Rosebery, New South Wales
Sydney, New South Wales
The Lakes Hotel (1938), Gardeners Road
|Population||7,428 (2006 census)|
|• Density||3,909.5/km2 (10,126/sq mi)|
|Area||1.9 km2 (0.7 sq mi)|
|Location||6 km (4 mi) south of Sydney CBD|
|LGA(s)||City of Sydney|
|Federal Division(s)||Sydney, Kingsford Smith|
Rosebery is a suburb in south-eastern Sydney, in the state of New South Wales, Australia. It is 6 kilometres south of the Sydney central business district and is part of the local government area of the City of Sydney.
Rosebery has a mix of residential, commercial and industrial developments. The northern parts of Rosebery and the adjacent Green Square are part of an area that is currently undergoing gentrification. This involves an urban renewal project that is constructing modern retail, business and residential developments.
Rosebery was named after Archibald Phillip Primrose, the fifth Earl of Rosebery, Prime Minister of the United Kingdom in 1894–95. The suburb was named in his honour after his visit to Australia for two months in 1883–84.
Rosebery was once the site of Rosebery Racecourse, which first opened as a pony track in 1906. Race meetings held by the Associated Racing Clubs became as popular as those at Randwick, especially in the 1920s. The track became an army camp during World War II. After the war, it became a training track used by the Sydney Turf Club.
In 1961, much of the land was purchased by the Rosebery Town Planning Company and developed as an industrial area. The housing commission purchased the remaining acres for high density public housing. The area north of Gardeners Road was developed by Richard Stanton (1862–1943) and the same company that developed Haberfield, with the result that Rosebery is known as a 'garden suburb'. Garden competitions were held in the suburb prior to the 1990s. Houses are predominantly single-storey California bungalows, Federation Bungalows or "standard" suburban detached homes.
The Roseberry tram line opened in 1902 and initially ran via Chalmers and Redfern Streets and south along Elizabeth Street to Zetland via Elizabeth Street. In 1924, the line was extended to Epsom Road in Rosebery. In 1948, to facilitate construction of the Eastern Suburbs Railway, a new line was constructed down Elizabeth Street between Devonshire Street and Redfern Street and the route was deviated to run down this new section. The line was electrified double track throughout. The line was closed in 1957.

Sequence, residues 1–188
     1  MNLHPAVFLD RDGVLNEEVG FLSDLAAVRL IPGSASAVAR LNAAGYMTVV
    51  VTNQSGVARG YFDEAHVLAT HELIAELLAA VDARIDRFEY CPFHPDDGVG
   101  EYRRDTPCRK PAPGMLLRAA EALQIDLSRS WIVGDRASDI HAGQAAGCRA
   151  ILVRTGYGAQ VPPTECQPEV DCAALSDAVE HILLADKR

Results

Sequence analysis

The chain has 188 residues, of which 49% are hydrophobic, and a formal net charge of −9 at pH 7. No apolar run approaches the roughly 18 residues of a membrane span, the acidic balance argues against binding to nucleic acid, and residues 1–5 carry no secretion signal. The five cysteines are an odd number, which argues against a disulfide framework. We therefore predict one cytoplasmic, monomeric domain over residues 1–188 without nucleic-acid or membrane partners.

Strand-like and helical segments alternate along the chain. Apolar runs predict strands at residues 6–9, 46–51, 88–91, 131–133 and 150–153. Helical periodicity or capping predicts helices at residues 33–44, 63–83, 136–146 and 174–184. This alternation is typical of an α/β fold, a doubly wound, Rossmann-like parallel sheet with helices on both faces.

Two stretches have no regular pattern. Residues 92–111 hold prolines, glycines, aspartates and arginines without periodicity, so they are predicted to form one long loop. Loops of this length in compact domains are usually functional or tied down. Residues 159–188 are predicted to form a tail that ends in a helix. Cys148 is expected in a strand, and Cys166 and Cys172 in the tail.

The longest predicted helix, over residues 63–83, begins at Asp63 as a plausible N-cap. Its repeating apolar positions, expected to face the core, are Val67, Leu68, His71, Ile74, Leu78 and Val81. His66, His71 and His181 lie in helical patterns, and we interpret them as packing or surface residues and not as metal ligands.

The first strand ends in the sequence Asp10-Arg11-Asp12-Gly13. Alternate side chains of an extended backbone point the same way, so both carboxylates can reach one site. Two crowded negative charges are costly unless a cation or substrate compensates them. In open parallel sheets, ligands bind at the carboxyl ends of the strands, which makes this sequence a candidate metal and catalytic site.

The most common ancestries in Rosebery were Australian 12.0%, Chinese 12.0%, English 11.4%, Greek 11.3% and Irish 4.9%.
A small shopping centre is located on Gardeners Road. Commercial and industrial developments are also located on and around Botany Road.
Gardeners Road Primary School is the public school for the area and is located at the junction of Gardeners Road and Botany Road. St Therese's School is a Catholic school next to St Therese's Church, Sutherland Street. On Rosebery Avenue is the Sydney International Film School.
There is a large park in the middle of Rosebery called Turruwul Park, which is bounded by Harcourt Parade and Hayes Road. A smaller park is Crete Reserve, situated at the bottom of Rosebery Avenue. Other small parks are located at Lever Street, where there is a scout hall, and the corner of Harris and Coward Streets. There is also a park in Kimberley Grove. However, the nighttime lighting of Turruwul park results in a more active night sport situation.
California bungalow, Tweedmouth Avenue
Rosebery since the 1960s has been home to many migrants. This includes a large number of Greeks and Italians.
- Dunn, Peter. "ROSEBERY ARMY CAMP ROSEBERY RACECOURSE GARDENERS ROAD, ROSEBERY SYDNEY, NSW DURING WWII". www.ozatwar.com. Retrieved 15 January 2013.
- The Book of Sydney Suburbs, Compiled by Frances Pollon, Angus & Robertson Publishers, 1990, ISBN 0-207-14495-8, p.227
- Gardeners Road Public School
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